Agriculture and Environment

Since 2015 Le Korsa has been digging wells, training women to run community farms, and planting and distributing fruit trees to help rural communities increase their sources of food and income.

Over 50% of people in Senegal live in rural areas, where subsistence farming is the norm.

Farmers in the Tambacounda region rely on the rainy season, typically from June to October, to grow their crops. With climate change disrupting the annual weather patterns, more and more farmers are struggling to make a living. Le Korsa is helping these communities adapt by digging bore wells that provide a year-round water source, and by training groups of women to run their own community farms. We began with a women's collective in Sinthian in 2015, and after the rapid success of that farm, we were asked to expand the effort to Fass, Dialico, and Gadapara. Hundreds of women in these villages are now growing enough food for their families and earning income from selling the surplus.

At Thread, our agricultural team maintains a tree nursery of thousands of seedling fruit trees, including cashew, lemon, mango, moringa, and papaya. These are available free-of-charge to anyone in the community who would like one; to date we have distributed thousands of trees to families, mosques, and local schools. We also are working with eighteen villages in the region on a broader cashew tree-planting project. These trees can act as a firebreak, and provide another food and income source through the cashew crop. We provide the seedlings to each village, and our agricultural team trains local "tree ambassadors" to care for them.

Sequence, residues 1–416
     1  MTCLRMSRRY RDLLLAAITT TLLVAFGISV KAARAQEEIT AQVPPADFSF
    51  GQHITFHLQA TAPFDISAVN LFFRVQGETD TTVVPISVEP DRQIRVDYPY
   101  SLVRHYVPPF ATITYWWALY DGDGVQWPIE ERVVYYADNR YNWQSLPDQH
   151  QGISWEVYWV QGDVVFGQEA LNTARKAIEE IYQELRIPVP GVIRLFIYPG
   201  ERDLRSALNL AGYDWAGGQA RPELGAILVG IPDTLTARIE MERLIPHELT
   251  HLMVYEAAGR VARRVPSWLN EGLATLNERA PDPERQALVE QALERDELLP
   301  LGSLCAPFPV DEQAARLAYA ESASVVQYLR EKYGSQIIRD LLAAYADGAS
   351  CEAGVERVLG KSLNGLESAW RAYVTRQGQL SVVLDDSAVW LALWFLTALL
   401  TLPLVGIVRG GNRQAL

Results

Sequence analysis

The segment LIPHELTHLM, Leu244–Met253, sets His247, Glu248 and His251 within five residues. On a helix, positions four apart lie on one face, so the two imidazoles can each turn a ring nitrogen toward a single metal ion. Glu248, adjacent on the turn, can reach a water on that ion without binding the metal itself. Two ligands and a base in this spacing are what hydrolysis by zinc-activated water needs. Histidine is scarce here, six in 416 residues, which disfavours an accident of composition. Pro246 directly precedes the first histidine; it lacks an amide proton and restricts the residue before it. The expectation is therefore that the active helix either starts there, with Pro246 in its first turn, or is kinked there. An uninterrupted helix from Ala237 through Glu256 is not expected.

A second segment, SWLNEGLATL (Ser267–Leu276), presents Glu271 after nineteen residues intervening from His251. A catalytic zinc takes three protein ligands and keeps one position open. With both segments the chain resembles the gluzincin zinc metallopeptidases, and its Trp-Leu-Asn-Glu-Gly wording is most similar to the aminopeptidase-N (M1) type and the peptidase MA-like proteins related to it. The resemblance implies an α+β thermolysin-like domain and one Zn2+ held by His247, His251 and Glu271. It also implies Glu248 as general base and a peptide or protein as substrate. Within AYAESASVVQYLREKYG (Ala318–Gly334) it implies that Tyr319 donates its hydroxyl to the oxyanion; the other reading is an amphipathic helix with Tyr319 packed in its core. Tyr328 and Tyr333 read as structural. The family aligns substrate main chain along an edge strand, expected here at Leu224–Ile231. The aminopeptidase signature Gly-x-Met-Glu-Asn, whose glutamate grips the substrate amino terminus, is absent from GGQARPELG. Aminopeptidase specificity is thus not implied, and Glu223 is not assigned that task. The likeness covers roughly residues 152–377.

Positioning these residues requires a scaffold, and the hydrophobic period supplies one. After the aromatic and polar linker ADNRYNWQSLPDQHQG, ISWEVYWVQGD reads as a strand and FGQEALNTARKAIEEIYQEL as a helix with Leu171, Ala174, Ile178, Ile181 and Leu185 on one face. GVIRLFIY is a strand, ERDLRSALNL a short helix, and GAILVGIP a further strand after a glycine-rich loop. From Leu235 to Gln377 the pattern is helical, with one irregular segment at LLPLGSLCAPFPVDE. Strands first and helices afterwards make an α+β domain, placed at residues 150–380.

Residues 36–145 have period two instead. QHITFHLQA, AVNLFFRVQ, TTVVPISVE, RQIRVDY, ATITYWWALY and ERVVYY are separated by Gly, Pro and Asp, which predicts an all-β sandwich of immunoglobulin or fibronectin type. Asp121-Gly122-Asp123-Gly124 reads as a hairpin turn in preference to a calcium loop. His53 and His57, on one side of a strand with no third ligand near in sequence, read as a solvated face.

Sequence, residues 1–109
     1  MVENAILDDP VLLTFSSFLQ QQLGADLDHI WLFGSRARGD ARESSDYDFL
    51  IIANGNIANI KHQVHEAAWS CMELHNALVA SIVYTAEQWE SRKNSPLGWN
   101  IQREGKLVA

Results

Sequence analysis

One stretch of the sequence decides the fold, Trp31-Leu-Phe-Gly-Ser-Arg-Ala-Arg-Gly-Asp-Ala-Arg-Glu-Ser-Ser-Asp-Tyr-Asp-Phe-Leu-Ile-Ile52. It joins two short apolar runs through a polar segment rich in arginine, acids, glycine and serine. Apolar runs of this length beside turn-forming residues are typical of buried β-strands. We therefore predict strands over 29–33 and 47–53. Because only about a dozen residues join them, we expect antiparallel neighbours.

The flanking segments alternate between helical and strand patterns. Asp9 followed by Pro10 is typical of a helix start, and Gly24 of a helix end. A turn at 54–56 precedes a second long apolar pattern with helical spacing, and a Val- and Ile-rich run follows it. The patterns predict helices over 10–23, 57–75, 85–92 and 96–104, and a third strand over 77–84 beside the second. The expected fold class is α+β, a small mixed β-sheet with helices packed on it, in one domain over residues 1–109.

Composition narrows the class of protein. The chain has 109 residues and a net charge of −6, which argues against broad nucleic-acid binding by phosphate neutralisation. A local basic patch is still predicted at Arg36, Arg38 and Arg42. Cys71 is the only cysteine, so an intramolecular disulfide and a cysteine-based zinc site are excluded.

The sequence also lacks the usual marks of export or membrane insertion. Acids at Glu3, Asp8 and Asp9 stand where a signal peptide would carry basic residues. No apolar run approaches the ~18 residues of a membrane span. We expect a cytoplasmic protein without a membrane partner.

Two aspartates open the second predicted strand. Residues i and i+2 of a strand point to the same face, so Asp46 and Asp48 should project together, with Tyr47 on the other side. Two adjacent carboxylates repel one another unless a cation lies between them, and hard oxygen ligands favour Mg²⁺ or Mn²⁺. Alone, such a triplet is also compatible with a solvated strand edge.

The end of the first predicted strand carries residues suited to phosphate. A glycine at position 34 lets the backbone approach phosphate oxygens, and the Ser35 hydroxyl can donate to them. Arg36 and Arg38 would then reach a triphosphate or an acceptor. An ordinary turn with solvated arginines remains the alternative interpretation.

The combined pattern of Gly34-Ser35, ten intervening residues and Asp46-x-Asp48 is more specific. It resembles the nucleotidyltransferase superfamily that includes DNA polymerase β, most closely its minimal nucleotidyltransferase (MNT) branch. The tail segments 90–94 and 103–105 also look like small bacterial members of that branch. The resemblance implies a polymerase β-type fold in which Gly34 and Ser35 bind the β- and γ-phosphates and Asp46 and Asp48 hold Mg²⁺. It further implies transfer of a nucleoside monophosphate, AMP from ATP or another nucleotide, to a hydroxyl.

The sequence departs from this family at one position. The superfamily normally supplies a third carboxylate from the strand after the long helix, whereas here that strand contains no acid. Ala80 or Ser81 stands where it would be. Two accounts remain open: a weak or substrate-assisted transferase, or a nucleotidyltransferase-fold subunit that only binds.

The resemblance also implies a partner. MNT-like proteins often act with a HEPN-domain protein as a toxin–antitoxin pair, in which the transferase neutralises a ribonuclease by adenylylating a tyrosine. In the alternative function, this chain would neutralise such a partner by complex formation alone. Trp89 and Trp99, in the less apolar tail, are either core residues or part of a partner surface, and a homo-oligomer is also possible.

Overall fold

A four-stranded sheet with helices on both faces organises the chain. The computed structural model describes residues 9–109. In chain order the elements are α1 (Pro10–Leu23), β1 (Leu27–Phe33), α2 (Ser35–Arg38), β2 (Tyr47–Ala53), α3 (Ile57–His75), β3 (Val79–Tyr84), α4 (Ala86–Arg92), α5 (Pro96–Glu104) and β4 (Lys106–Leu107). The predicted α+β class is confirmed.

In the city of Tambacounda, we work closely with the city's forestry department to plant trees adapted to the urban environment, which now adorn roadways, intersections, traffic circles and the exteriors of schools. Each tree helps to stabilize the soil, keep down dust, and provides crucial shade once it is fully grown.

Le Korsa is also working with local associations to clean up illegal dumpsites in the city, increase public space such as playgrounds and soccer fields, and turn restaurant food waste into compost.

Be Green

To help a group of women start a farm costs $10,000, but the impact is forever. Join us.

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The garden in Fass
Getting water from the bore-well in Sinthian.
Le Korsa's agricultural team: Habib Dieye, Moussa Sene, Cissé Kante, Augustin Diouf
A harvest of jaxatu, or bitter eggplant, in Gadapara.
Planting cashew trees in rural Tambacounda
Planting trees in the city of Tambacounda